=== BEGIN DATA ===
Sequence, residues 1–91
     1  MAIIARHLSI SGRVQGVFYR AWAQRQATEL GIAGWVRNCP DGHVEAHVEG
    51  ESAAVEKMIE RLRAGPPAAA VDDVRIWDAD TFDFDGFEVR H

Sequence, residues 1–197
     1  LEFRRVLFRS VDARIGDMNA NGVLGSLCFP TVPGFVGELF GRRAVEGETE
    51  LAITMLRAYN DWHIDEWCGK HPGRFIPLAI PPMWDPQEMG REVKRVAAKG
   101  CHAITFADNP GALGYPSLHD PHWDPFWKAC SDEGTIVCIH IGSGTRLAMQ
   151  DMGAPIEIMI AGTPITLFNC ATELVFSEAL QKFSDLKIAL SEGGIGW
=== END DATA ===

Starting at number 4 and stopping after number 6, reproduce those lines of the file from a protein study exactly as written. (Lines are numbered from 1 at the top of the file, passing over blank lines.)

Sequence, residues 1–197
     1  LEFRRVLFRS VDARIGDMNA NGVLGSLCFP TVPGFVGELF GRRAVEGETE
    51  LAITMLRAYN DWHIDEWCGK HPGRFIPLAI PPMWDPQEMG REVKRVAAKG